A polynomial hash defines a hash as $H = c_1a^{k-1} + c_2a^{k-2} ... + c_ka^0$, all modulo $2^n$ (that is, in $GF(2^n)$).

For brevity, let $c$ be a $k$ dimensional vector (encapsulating all the individual $c_n$ values).

Are there particular values for $c$ that make the probability of collisions between two randomly chosen $a$ greater than $k/2^n$?

I would argue that there are not. For $H(c, a)$ equals evaluating a polynomial (of degree at most $k$) at $a$. Thus, $H_c(x)$ defines a polynomial with degree at most $k$. Let $H_{c,a}(x) = H_c(x) - H_c(a)$; the zeroes of $H_{c,a}$ are precisely the points where $H_c(x) = H_c(a)$, and there can be no more than $k$ such zeroes. Thus, for any non-zero $c$, two randomly chosen $a,a'$ have $H(a) = H(a')$ with probability $\le k/2^n $.

However, this crypto CTF challenge seems to argue certain $c$ do produce collisions, and this solution explains and demonstrates it (unfortunately most of the explanation is in Chinese). Where is my mistake?

  • 1
    $\begingroup$ Modulo $2^n$ is operations in the ring $\mathbb{Z}_{2^n}$ which is NOT the same as $GF(2^n)$. $\endgroup$
    – kodlu
    Feb 20, 2022 at 23:06

1 Answer 1


This ring has zero divisors so the answer is different than over fields.

Let $H(a)-H(a')=c_1 a^{k-1}+c_2 a^{k-2}+\cdots+c_k,$ and let $j$ be the largest nonnegative integer such that $2^j$ divides $gcd(c_1,\ldots,c_k).$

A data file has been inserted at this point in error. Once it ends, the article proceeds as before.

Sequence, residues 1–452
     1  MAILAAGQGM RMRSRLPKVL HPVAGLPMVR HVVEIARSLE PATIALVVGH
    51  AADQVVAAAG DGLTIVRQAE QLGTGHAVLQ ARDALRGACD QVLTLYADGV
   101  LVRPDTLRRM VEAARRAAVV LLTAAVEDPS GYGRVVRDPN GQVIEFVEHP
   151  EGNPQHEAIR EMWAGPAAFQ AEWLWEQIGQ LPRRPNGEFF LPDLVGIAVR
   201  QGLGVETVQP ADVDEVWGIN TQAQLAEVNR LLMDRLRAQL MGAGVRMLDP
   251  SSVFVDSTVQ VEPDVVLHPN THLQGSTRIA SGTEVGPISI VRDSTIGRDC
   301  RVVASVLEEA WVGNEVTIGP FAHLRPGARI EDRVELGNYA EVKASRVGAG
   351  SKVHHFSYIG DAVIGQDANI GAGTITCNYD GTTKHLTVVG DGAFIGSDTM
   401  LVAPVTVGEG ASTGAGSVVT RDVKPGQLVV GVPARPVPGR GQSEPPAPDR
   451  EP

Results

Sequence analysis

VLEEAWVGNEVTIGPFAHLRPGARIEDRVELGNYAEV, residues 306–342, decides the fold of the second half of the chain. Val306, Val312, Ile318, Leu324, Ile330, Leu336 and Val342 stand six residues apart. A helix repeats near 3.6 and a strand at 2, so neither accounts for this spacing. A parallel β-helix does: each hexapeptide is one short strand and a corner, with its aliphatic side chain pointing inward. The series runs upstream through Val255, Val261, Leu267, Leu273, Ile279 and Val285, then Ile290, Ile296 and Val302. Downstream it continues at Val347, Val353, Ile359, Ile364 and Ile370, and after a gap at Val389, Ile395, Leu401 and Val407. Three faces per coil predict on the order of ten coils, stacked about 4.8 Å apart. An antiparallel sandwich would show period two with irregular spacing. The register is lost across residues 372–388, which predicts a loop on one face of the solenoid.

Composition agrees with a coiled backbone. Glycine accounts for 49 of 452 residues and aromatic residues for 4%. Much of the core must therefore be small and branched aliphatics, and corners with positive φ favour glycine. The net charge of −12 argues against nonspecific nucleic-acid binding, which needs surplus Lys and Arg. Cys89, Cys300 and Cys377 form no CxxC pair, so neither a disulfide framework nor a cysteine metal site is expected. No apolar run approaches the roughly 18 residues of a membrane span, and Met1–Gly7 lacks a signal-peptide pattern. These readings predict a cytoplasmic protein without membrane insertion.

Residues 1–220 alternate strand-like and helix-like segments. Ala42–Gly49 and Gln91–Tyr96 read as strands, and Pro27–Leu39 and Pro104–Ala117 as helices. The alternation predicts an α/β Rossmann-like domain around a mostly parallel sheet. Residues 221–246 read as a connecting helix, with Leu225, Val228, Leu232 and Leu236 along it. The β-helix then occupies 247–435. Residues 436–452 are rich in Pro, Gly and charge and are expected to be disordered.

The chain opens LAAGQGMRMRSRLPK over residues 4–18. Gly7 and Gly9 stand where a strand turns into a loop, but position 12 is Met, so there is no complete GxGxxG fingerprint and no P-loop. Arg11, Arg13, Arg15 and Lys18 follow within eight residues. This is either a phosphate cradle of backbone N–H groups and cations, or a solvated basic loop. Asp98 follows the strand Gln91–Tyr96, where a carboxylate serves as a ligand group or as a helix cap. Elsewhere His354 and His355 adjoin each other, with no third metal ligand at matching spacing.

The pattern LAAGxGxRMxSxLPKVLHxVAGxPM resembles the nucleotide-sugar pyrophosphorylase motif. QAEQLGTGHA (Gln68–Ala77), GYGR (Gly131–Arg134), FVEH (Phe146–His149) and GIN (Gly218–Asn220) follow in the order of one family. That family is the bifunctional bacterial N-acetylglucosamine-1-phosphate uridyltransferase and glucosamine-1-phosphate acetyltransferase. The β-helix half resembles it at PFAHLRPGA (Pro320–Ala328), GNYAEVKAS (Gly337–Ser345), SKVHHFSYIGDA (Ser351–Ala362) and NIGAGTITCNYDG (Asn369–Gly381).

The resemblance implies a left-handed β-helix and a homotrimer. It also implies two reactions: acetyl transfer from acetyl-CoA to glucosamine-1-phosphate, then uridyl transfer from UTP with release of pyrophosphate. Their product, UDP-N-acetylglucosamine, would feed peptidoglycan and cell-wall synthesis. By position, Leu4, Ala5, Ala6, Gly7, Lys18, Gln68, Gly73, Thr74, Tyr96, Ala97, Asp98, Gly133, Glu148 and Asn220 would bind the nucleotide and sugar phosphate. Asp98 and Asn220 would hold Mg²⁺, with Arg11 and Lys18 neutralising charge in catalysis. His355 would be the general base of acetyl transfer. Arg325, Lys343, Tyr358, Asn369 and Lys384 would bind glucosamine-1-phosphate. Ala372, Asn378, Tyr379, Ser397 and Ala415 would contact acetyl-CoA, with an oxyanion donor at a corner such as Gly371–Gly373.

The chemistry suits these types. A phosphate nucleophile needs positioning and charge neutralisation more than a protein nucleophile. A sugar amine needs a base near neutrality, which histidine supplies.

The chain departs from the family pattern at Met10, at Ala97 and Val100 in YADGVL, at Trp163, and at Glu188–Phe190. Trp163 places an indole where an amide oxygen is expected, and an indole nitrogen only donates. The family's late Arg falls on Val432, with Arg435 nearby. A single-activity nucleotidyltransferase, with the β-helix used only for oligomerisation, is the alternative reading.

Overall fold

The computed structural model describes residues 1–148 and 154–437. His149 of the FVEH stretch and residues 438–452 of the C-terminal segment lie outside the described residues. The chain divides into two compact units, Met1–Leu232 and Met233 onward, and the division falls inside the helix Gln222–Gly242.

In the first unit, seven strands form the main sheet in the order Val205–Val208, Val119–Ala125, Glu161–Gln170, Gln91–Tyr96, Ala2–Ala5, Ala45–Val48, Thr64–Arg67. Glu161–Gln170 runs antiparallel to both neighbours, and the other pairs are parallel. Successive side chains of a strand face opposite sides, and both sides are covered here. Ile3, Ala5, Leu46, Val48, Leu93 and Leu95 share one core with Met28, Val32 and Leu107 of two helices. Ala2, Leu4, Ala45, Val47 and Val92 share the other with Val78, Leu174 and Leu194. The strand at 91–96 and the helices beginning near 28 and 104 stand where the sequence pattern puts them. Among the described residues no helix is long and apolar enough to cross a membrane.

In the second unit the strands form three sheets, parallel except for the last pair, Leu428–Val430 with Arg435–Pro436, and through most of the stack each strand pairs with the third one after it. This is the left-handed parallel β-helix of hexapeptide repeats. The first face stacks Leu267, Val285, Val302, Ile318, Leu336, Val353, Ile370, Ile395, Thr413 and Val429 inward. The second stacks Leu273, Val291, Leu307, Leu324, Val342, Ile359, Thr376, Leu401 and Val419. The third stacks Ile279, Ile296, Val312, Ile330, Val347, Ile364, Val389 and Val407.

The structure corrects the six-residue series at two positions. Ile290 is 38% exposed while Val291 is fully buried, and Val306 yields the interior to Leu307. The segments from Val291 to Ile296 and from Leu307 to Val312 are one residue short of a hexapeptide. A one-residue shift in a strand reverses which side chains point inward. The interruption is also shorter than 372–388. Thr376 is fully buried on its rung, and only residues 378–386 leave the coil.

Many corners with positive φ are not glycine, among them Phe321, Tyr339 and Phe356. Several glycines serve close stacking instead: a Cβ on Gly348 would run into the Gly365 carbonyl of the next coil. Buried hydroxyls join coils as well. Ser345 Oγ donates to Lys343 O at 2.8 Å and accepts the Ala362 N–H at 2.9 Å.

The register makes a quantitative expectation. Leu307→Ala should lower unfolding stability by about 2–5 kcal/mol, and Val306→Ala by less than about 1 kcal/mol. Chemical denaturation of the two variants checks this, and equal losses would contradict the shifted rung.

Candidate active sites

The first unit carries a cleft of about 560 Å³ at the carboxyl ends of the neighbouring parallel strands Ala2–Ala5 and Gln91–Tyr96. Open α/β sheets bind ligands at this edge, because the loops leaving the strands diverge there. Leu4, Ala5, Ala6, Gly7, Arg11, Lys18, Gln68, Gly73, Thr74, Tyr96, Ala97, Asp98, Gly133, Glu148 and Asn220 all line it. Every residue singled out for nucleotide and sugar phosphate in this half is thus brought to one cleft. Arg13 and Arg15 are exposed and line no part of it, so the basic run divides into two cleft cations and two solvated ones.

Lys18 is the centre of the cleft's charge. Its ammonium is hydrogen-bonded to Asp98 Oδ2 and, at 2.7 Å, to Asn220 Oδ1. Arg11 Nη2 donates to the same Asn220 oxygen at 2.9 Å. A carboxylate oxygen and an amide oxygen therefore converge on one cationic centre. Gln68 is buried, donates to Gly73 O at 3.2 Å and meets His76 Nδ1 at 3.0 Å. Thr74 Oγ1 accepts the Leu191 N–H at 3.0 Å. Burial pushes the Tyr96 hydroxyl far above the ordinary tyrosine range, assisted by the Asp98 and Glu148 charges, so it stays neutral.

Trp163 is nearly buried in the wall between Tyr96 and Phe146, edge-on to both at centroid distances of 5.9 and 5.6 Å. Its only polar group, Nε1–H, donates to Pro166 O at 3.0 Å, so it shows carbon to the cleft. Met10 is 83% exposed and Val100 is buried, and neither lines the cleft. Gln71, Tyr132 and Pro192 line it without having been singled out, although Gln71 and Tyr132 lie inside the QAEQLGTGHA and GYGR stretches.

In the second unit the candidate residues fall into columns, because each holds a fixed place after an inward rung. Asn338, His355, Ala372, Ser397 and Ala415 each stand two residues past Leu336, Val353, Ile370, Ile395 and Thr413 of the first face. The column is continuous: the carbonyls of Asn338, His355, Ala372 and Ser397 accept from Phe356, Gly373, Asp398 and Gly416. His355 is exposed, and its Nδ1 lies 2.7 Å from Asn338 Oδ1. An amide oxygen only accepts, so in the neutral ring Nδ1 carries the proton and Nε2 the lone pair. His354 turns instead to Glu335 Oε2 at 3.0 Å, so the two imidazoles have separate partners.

Claim: Let $j$ be as above, then the polynomial $H(a)-H(a')$ can have $k\times 2^{j}$ roots, leading to a collision probability of $$\frac{k}{2^{n-j}}.$$

Proof: If the coefficients of the difference polynomial have a gcd divisible by $2^j$ then all values of the polynomial are in the subset (which is an ideal) $$2^j \mathbb{Z}_{2^n}=\{2^j u: u \in \mathbb{Z}_{2^n}\}.$$ This means that the difference polynomial is of the form $2^j g(a)$ for some polynomial with gcd equal to 1. Therefore, it is enough for $g(a)$ to take values in $2^{n-j}\mathbb{Z}_{2^n}$ for $2^j g(a)$ to take on the value zero. This means that each zero of $g(a)$ is duplicated $2^j$ times to be a zero of the difference polynomial so the probability that the difference polynomial takes on the value zero is now $$ \frac{k 2^j}{2^n}=\frac{k}{2^{n-j}}. $$

Example from [Magma Calculator][1] of a degree $k=2$ polynomial, which has 2 roots and one where $j=2,$ which has $k 2^j=8$ roots.


Z2to6:=IntegerRing(2^6); Z2to6;
R<a>:=PolynomialRing(Z2to6); R;
{* Z2to6!(a^2+63*a): a in Z2to6 *};
{* Z2to6!(4*(a^2+63*a)): a in Z2to6 *};}


Univariate Polynomial Ring in a over IntegerRing(64)
{* 0^^2, 2^^2, 4^^2, 6^^2, 8^^2, 10^^2, 12^^2, 14^^2, 16^^2, 18^^2, 20^^2,
22^^2, 24^^2, 26^^2, 28^^2, 30^^2, 32^^2, 34^^2, 36^^2, 38^^2, 40^^2, 42^^2,
44^^2, 46^^2, 48^^2, 50^^2, 52^^2, 54^^2, 56^^2, 58^^2, 60^^2, 62^^2 *}`
{* 0^^8, 8^^8, 16^^8, 24^^8, 32^^8, 40^^8, 48^^8, 56^^8 *}```

The second polynomial $4(a^2+63a)$ has a gcd of 4 thus it has 8 roots not 2.

The magma list notation 0^^8 means the element 0 appears 8 times in the list.

  [1]: http://magma.maths.usyd.edu.au/calc/
  • $\begingroup$ Fascinating. Can you explain the math a bit more. It seems my mistake was confusing the Zn ring for the GF field, and, since the Zn ring has zero divisors, polynomials can have greater degree than I expected. Your equations remind me of gcd / Euclidean algorithm, but it would be very helpful if you could elaborate. $\endgroup$ Feb 21, 2022 at 2:59

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